Jeffrey Eastlack - Freescale Semiconductor
Multimedia and Applications Processor Division
Speaking Topic: FireAnt – Cell phone virtual supercomputer
Jeff Eastlack joined Freescale Semiconductor as a product engineer in 2006 with the wireless and mobile systems group. He is currently a graduate student in electrical and computer engineering at New Mexico State University, and also attends the University of Texas at Austin. His technical interests include distributed computing, microprocessor architecture, VLSI circuit design, low power architectures, system level board design, and embedded Linux devices.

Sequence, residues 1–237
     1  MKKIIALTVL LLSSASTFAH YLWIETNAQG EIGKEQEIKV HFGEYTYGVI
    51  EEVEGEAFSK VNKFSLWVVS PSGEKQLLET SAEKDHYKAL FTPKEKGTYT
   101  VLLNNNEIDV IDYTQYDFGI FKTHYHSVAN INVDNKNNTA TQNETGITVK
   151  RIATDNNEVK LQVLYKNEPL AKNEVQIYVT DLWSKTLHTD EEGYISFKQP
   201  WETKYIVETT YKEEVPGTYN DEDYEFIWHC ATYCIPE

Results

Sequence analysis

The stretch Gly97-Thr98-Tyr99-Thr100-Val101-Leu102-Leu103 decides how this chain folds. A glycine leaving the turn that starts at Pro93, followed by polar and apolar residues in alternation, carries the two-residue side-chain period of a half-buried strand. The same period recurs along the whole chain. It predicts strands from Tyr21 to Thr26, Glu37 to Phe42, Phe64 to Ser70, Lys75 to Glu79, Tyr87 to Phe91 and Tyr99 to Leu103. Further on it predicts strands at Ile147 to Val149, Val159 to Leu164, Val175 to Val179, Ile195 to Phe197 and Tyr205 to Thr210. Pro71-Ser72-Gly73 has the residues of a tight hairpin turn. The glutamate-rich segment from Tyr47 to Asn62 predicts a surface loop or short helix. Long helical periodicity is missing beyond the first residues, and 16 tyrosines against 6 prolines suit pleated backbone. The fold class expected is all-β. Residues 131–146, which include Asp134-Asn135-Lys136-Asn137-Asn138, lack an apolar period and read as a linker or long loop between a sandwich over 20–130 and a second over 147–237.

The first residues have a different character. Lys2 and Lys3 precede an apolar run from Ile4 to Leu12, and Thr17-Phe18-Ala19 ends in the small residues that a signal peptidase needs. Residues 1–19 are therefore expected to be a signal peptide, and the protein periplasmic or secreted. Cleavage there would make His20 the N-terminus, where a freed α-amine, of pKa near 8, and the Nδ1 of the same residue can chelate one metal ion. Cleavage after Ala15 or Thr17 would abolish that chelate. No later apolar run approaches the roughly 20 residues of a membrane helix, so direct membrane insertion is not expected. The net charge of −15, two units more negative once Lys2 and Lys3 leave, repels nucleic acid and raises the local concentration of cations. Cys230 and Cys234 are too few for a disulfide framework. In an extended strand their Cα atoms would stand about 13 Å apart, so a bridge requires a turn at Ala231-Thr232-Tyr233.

For the past few years marketplace forces of mobile handheld computing are causing convergence of devices into a single do-everything mobile solution. The semiconductor industry is responding to customer demand for high performance and highly connected low power systems on a chip (SOC). Semiconductor performance advancements consistent with Moore’s Law and the increasing ubiquity of convergent mobile devices, is resulting in the generation of a colossal pool of untapped computing resources. In 2007 the worldwide number of cell phone subscribers reached over 3 billion in addition to nearly half a billion portable media players (PMP). This creates a prospective need for a mobile device tailored client version of a middleware platform for grid computing as a resource aggregator. This discussion highlights a project called FireAnt which successfully ported the Berkeley Open Infrastructure for Network Computing (BOINC) middleware client to run on a mobile ARM compiled Linux platform. BOINC middleware enables the consolidated pooling of resources for scientific computing across a worldwide geographical area while utilizing a heterogeneous mix of computing platforms. This discussion includes how mobile computing could significantly impact the arena of volunteer computing and what costs and limitations exist.